Adopted by the 71st WMA General Assembly (online), Cordoba, Spain, October 2020
The SARS-CoV-2 pandemic has a tight grip on the world. Over a million people have died worldwide and millions more are still suffering the effects of this virus and the disease it causes.
A vaccine is widely seen as the best way to stop the spread of the virus, gain control of the pandemic and save human lives.
WMA policy clearly states that “vaccination and immunisation have been acknowledged as an effective and safe preventive strategy for several communicable diseases. And vaccine development and administration have been the most significant intervention to eradicate infectious diseases and influence global health in modern times”.
While there are currently no approved vaccines for COVID-19, an unprecedented global effort is underway, both in terms of scale and speed, to develop a safe and effective vaccine and to optimise procurement and distribution to ensure that all regions of the world stand to benefit as quickly as possible. Some current predictions anticipate an initial COVID-19 vaccine rollout in the first half of 2021. Due to intensive efforts to produce effective vaccines and fast track them for market authorisation, many clinical trials have been placed on extremely accelerated schedules. Processes usually requiring years are being condensed into months, which could potentially pose a threat to the ethical principles outlined in the WMA Declaration of Helsinki.
Questions arose quite early in the pandemic about how to distribute a potential new vaccine quickly and equitably. Many higher-income countries have already signed bilateral agreements with pharmaceutical companies to supply or distribute COVID-19 vaccine candidates, which, given the limitations on production capacity, could leave developing countries at a disadvantage as they strive to protect their populations.
It is a fact that a pandemic cannot be contained by one country alone; it requires a collaborative, global effort, as the WMA has outlined in its Statement on Epidemics and Pandemics and the Statement on Avian and Pandemic Influenza.
In the same spirit, GAVI, the Vaccine Alliance, the Coalition for Epidemic Preparedness Innovations (CEPI) and the World Health Organization (WHO) have initiated the COVAX platform in order to guarantee that all participating countries, regardless of their income, have equal access to new COVID-19 vaccines once they are developed.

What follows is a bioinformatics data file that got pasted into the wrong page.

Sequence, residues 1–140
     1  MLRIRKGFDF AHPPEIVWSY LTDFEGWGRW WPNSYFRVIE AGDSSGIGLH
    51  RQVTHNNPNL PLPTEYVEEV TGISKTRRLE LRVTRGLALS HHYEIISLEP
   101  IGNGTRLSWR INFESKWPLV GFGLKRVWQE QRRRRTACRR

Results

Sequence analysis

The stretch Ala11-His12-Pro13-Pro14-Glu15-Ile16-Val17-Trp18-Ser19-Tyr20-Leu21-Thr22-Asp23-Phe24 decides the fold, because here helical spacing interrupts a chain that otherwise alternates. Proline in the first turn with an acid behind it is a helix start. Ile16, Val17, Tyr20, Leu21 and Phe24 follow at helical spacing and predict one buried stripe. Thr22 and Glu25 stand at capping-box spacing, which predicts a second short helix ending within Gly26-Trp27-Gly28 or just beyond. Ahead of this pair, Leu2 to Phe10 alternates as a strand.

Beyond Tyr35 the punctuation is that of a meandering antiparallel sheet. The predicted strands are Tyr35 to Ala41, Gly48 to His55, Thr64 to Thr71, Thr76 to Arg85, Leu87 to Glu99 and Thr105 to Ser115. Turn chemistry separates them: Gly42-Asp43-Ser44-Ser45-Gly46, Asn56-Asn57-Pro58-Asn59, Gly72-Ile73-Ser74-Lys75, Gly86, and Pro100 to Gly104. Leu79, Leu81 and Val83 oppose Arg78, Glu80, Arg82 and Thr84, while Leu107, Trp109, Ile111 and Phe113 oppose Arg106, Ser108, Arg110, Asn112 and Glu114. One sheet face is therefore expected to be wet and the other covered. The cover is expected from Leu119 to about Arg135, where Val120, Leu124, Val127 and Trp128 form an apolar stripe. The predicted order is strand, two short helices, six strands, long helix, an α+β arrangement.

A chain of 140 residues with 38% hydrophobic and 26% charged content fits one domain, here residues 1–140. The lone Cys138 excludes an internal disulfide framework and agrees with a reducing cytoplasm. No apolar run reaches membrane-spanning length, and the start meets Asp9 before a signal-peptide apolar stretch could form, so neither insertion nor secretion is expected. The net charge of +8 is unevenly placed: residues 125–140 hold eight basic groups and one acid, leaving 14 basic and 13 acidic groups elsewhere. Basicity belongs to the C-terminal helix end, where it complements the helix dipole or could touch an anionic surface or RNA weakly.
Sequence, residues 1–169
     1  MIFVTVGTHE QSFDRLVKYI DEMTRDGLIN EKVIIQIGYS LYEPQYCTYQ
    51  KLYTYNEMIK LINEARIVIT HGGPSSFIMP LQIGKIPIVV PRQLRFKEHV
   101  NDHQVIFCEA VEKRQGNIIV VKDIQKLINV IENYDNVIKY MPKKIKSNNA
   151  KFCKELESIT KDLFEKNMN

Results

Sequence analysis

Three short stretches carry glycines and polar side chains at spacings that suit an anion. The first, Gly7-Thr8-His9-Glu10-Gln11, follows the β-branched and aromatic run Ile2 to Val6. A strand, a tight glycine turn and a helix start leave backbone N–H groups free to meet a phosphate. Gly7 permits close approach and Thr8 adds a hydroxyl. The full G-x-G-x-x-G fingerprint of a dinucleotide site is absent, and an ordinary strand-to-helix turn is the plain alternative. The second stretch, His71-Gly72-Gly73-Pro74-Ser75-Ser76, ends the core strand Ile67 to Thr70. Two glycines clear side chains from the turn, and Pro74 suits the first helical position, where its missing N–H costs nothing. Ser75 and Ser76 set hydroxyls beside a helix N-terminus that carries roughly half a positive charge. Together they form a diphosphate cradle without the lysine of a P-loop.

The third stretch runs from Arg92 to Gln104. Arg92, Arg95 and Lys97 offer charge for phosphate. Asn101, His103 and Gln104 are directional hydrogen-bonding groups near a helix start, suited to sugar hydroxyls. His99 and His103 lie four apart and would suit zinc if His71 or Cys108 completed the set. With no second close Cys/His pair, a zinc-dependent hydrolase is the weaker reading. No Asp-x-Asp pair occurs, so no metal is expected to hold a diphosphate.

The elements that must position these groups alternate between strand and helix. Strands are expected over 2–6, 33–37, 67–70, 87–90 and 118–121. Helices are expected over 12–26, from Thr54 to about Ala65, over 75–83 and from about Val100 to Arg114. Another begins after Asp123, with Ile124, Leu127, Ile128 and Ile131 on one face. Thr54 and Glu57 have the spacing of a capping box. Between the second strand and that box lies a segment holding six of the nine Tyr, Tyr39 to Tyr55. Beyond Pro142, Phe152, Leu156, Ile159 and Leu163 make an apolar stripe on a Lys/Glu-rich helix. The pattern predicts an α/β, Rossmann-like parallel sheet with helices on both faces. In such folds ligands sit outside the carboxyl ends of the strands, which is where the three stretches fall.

The World Medical Association
- welcomes multilateral solutions in the global battle against COVID-19, in particular the COVAX platform, for ensuring equitable, global distribution of a safe and effective COVID-19 vaccine;
- emphasises that no country should be left behind in the race to vaccinate its population against this global threat;
- stresses the need to balance between the desire of each country to protect its citizens and the need for the vaccine to be distributed worldwide;
- reiterates that all clinical trials must follow the ethical principles for medical research involving human subjects as set forth in the WMA Declaration of Helsinki;
- states that longer-term, formal safety monitoring is necessary in cases where clinical trials have been accelerated to fast track vaccines for market authorisation;
- calls attention to the heightened risk faced by health workers and vulnerable populations in a pandemic situation and therefore urges that these individuals be among the first to receive a safe and effective vaccine;
- renews its call to all constituent members to increase awareness of immunisation schedules and calls upon individual physicians to pay special attention to addressing the concerns of vaccine-hesitant patients;
- reaffirms its warning on vaccine hesitancy (April 2019) and reiterates the importance of maintaining other important routine vaccinations, e.g. against polio, measles and influenza;
- calls for coordinated efforts to increase public trust in vaccination in the face of disinformation campaigns and anti-vaccine movements which undermine the health of both children and adults.